I think it is important to give credit where credit is due. Regular readers know that I have been critical of President Obama in this column. Doubtless there will be future occasions for disagreement. But the president got one big thing right a few days ago, and it is incumbent upon fair-minded people to acknowledge his candor and percipience: the Massachusetts Senate race really was a referendum on the Obama agenda.
What is the Obama agenda? All eyes have been focused on the proposed bills to transform the way health care is managed, delivered, and paid for in the United States. The Democrats scored a rhetorical triumph by getting everyone, opponents as well as supporters, to refer to this proposed government takeover of medicine as “health care reform.” “Reform”? What is being proposed is “health care reform” in approximately the sense that Stalin’s collectivization of agriculture in the late 1920s was “agricultural reform.” That effort to bring hope and change to the Kulaks succeeded in what President Obama described as his goal of “spreading the wealth around,” though not, perhaps, in precisely a way that the local (de)population appreciated.
The fate of the Democratic proposals to collectivize medicine is a big issue, no doubt about it. And I for one hope that Scott Brown’s victory in Massachusetts last night will put the brakes on that ruinous piece of stealth-socialism masquerading as “reform.”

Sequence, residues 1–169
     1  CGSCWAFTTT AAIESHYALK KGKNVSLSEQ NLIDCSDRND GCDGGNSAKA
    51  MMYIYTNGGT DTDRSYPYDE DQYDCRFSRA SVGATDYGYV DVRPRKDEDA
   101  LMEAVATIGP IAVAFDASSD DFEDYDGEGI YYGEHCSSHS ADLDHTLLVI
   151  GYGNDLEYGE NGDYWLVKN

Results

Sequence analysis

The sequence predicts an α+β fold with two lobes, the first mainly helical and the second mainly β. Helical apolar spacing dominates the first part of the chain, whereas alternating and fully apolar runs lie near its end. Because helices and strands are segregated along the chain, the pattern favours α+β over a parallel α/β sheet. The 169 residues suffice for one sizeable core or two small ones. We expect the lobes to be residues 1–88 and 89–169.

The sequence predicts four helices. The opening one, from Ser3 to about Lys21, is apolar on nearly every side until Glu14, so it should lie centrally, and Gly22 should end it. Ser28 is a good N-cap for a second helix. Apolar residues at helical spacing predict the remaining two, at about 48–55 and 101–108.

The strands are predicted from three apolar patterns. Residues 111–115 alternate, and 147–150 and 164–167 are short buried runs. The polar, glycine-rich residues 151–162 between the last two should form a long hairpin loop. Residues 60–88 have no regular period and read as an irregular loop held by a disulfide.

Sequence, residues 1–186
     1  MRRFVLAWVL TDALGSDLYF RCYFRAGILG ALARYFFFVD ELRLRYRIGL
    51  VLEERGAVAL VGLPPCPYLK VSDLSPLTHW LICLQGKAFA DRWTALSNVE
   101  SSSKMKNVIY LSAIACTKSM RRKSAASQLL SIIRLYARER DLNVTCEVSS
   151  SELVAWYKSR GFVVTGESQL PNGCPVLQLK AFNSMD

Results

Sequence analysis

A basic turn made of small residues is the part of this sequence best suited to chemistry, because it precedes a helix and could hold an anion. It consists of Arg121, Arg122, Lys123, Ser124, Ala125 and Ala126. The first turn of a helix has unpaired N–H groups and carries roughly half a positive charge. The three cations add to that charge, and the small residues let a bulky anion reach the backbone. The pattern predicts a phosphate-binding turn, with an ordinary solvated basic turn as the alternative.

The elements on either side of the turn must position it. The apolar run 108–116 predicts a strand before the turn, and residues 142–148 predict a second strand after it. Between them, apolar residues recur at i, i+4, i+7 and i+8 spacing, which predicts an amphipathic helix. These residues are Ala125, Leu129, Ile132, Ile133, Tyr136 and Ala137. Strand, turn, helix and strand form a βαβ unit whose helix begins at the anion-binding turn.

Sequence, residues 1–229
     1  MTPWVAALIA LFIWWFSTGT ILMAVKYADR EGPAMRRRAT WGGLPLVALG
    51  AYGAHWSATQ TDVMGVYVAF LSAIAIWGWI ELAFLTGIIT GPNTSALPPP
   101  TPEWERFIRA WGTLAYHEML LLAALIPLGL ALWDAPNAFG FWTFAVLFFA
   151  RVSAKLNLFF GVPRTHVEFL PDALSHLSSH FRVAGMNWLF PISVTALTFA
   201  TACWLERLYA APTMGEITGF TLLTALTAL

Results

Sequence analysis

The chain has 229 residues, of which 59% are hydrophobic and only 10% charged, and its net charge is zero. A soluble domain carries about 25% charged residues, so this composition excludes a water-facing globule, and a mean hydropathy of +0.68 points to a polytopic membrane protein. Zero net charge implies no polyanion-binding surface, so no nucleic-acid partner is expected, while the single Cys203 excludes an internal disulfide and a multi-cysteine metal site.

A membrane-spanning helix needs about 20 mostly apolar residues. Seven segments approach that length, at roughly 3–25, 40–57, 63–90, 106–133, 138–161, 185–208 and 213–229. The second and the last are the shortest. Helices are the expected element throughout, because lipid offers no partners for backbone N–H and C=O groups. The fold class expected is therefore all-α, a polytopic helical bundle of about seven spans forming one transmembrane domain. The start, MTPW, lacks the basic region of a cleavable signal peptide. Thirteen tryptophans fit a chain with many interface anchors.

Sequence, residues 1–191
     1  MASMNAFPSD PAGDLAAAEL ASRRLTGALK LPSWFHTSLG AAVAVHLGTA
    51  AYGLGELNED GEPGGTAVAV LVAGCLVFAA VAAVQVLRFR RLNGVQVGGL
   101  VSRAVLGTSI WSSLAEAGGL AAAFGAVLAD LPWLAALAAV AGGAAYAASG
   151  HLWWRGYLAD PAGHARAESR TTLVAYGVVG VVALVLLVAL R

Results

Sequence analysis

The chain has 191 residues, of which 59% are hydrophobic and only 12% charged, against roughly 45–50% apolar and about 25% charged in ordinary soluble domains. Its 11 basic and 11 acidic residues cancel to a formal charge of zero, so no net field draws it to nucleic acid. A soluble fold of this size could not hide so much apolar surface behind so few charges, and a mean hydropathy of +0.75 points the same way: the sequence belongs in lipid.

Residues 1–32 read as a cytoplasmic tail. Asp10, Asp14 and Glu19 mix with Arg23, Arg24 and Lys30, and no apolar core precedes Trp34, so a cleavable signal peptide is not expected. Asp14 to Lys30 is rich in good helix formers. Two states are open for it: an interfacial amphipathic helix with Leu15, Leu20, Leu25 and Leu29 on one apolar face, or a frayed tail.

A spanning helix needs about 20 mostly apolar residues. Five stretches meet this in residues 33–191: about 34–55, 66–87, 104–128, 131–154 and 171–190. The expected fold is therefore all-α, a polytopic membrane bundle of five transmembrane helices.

It is important, though, to recognize that the effort to expropriate the delivery and financing of health care — let’s stop calling it “reform” — is one spoke in the wheel of the Obama Offensive. What this administration has been about in its first year includes the collectivization of medicine. But that is only one part of a much larger goal, a goal adumbrated by Governor Mitch Daniels when he spoke of the Obama administration’s “shock and awe statism.”
This past summer, Senator Jim DeMint suggested that, were Obama foiled in his plans to collective medicine, the defeat would prove to be his “Waterloo.” Perhaps. Were the effort to collectivize medicine fail, I suspect it would be more like the battle of Leipzig: a defeat, but not a final defeat. I take the President’s threat to “double down” in the face of a victory by Scott Brown seriously. My PJM colleague Richard Fernandez is probably right that “The fundamental theme of 2010 will be a struggle for power.” As Fernandez, observes, “The polarization which began in early 2009 has increased rather than diminished. . . . Massachusetts is not the last, but the first in a series of meeting engagements between two rival factions. My own sense is that fundamental issues are now at stake.”